New Paltz 1969(Holiday Camp NY.131169A/B)
Elting Gymnasium, SUNY At New Paltz, New Paltz, NY – November 13th, 1969
Disc 1 (47:24): Heaven And Hell, I Can’t Explain, Fortune Teller, Tattoo, Young Man Blues, Overture, It’s A Boy, 1921, Amazing Journey, Sparks, Eyesight To The Blind, Christmas, Acid Queen
Disc 2 (42:15): Pinball Wizard, Do You Think It’s Alright, Fiddle About, Tommy Can You Hear Me?, There’s A Doctor, Go To The Mirror, Smash The Mirror, Miracle Cure, Sally Simpson, I’m Free, Tommy’s Holiday Camp, We’re Not Gonna Take It, Summertime Blues, My Generation
The theater department at the State University of New York at New Paltz produced and staged a lavish production of The Who’s Tommy from April 28th to May 9th, 2011. Instead of a straight musical presentation, the theater department should be given credit for producing a full stage production with a cast of twenty-four, costumes, sets, choreography and inventive lighting to relate the narrative along with the musical band playing the music.
This is not the first time it has been staged. There have been many and various productions dating back to the early seventies. But the vigorous popularity forty years on suggests it has found a home in the canon of western theater.
New Paltz 1969 on Holiday Camp was released at the same time, almost to correspond with the new production. The new release documents the first time Tommy was performed at the university. But this was by the original composers in one of the final live shows in the US that year. The band had been playing it around the world for six months including at large festivals like Woodstock and on radio and would return to Europe for several more shows in Paris and London.
The label utilize the JEM mastering of the common audience recording. It is a fair to good audience recording. Some distortion is present, and there noticeable cuts at the very end of “Fortune Teller” and beginning of “Tattoo,” in “Eyesight To The Blind” at 1:21 and in “Summertime Blues” around 7:51. It is quite enjoyable, especially considering its age.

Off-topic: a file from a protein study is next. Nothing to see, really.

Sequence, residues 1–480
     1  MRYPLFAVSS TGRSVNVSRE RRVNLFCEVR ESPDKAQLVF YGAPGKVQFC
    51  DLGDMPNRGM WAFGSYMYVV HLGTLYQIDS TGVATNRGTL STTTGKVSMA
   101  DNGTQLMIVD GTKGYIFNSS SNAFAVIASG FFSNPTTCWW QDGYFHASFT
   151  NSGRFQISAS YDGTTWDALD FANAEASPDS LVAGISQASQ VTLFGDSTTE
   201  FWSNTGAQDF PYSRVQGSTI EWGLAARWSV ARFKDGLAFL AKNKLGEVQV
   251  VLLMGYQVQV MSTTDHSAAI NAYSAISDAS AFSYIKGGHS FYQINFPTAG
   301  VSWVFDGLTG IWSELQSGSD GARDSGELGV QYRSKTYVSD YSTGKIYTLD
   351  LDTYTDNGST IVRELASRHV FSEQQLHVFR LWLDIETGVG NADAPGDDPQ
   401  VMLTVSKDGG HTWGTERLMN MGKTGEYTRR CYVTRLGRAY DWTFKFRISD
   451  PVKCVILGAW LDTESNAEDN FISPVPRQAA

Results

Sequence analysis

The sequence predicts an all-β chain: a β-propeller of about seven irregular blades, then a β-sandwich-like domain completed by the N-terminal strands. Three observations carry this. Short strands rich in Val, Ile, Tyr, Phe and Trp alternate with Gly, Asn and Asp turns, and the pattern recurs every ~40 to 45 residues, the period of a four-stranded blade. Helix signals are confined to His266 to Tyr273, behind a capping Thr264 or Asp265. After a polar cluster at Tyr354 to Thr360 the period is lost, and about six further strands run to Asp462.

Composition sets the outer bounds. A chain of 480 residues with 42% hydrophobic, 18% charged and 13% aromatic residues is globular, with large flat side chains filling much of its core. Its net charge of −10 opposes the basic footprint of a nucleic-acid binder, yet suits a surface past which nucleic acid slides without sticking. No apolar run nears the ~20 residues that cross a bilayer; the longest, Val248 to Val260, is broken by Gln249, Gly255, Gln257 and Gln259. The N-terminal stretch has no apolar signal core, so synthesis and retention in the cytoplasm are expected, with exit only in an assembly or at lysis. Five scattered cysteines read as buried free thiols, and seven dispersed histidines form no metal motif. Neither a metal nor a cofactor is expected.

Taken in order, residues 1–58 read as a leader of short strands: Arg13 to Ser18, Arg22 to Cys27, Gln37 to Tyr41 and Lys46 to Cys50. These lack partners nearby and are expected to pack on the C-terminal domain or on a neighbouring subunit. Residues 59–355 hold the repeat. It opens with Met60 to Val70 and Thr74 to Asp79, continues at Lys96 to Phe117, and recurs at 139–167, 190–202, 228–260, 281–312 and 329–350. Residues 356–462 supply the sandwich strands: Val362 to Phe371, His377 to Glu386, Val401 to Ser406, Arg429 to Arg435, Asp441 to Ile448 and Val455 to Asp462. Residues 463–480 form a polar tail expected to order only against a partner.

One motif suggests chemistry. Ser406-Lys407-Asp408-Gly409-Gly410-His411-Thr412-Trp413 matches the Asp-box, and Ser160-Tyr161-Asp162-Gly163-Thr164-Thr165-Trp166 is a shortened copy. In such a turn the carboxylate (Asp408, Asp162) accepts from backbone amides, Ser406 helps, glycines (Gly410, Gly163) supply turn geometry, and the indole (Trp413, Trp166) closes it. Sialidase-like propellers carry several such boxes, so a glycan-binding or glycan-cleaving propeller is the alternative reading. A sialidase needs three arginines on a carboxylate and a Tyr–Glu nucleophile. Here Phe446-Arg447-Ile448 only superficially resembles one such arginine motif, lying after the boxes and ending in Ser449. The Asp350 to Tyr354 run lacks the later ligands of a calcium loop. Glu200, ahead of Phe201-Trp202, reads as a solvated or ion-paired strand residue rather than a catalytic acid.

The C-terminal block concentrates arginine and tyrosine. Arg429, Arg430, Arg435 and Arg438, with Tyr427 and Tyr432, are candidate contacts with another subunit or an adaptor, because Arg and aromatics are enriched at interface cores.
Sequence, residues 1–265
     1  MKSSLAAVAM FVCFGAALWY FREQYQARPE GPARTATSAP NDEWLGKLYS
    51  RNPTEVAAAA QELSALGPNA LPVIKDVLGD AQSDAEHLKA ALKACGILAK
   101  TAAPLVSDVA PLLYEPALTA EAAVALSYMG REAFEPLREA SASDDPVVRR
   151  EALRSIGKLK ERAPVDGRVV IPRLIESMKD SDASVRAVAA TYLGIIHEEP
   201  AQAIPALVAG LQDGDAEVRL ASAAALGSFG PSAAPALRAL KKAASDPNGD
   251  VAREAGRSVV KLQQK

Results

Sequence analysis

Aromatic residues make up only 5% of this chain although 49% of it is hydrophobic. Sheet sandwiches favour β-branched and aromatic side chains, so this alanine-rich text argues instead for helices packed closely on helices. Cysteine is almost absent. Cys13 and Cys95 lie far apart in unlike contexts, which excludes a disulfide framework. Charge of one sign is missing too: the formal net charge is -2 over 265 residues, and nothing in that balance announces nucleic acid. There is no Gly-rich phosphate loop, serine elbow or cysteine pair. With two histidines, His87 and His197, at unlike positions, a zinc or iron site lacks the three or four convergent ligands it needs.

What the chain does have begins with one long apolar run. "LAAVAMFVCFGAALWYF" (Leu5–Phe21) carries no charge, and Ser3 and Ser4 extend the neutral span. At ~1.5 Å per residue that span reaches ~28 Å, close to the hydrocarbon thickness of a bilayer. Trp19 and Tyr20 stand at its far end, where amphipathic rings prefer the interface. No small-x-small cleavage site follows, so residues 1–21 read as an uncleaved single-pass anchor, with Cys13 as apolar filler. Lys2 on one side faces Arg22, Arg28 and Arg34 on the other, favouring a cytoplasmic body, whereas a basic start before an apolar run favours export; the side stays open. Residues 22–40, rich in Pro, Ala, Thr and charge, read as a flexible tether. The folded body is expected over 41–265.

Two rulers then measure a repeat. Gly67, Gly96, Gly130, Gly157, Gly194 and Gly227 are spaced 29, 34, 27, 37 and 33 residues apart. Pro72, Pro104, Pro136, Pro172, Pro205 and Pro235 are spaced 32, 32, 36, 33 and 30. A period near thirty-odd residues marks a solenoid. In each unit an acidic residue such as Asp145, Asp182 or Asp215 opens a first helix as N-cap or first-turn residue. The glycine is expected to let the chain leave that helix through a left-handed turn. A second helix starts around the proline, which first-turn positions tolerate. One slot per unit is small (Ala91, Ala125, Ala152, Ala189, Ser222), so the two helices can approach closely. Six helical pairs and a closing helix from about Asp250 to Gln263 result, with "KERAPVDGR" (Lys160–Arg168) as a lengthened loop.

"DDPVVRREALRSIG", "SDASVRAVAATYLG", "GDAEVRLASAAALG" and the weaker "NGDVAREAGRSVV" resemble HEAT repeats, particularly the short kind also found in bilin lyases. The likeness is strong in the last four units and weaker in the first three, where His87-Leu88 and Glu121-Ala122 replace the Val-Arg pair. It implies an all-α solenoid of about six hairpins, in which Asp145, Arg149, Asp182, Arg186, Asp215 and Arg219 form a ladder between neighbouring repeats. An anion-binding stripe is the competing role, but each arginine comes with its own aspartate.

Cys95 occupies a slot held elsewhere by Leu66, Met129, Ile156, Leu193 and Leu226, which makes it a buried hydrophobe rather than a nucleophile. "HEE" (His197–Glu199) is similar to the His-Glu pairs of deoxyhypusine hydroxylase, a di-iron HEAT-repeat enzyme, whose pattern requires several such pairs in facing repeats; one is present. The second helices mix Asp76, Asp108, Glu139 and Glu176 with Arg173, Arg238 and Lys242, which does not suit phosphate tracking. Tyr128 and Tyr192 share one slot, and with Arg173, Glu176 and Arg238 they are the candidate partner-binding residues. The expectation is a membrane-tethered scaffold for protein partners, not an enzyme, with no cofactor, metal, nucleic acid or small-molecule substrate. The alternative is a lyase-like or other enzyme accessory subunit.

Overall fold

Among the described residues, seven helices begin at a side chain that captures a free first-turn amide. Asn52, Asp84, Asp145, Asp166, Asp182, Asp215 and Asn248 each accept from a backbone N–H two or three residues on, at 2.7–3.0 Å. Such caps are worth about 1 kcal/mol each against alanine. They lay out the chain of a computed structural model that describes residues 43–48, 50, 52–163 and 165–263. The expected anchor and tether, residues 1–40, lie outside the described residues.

The tape starts off with a bit of tuning before an MC comes on stage and says simply: “Here they are: The Who.” The band begin the set with John Entwistle’s “Heaven And Hell” and continue with the standard set of the era.
“Tattoo” sounds very mellow, and Pete Townshend gives the Mose Ellison introduction to “Young Man Blues.” But the set is all about the rock opera and they do not disappoint. The give the standard “long” Tommy set which includes “Christmas” and “Sally Simpson,” two songs that would later be dropped.
The show ends with “Summertime Blues” and “My Generation” which also returns to various themes from the rock opera. It was a common arrangement during this time and an effective to leave the audience with their greatest work still ringing in their ears.
It is one of their more ferocious concerts, much like the Hollywood Bowl show during the summer, and the intensity boiled over into the dressing room after the show. An interesting eyewitness account of the show was written by a freshman who worked security for the show. He writes: “I was a freshman at New Paltz State in upstate New York, not too far from Woodstock, and working security for this concert. Once everyone was packed into the gym, my job was to sit on the stage and make sure nobody tried to climb up. As it was a smallish gym stage, I was sitting just a few feet from John.
“The Who came on, went into some hits, played the entire Tommy opera and did a 30 minute encore. Towards the end of the show, I noticed that Keith and John were giving each other sinister stares, I’m not sure why but something was going on. At the very end of the last song, Keith leaped through his drums, off the riser and straight onto John. They were fighting at my feet so I just reacted and tried to pull Keith off. In a few seconds, the roadies were on the scene and pushed me away.
“They broke it up and that was that. After that, I got to guard the dressing room entrance. A great show, Roger in his fringed vest, Pete in his jump suit, the entire band rocked out like only the Who can. Quite the night and quite an initiation to my first year of college. Worked many more concerts and have seen the Who many more times, but this was the best.”
Holiday Camp NY utilize very good period photographs for the era and package New Paltz 1969 in a double slimline jewel case. This is the very first time this show has been pressed onto silver disc and is another great Who document worth having.If you liked this review, buy me a cup of joe. (Suggested: $3 a shot or $7.5 for a double)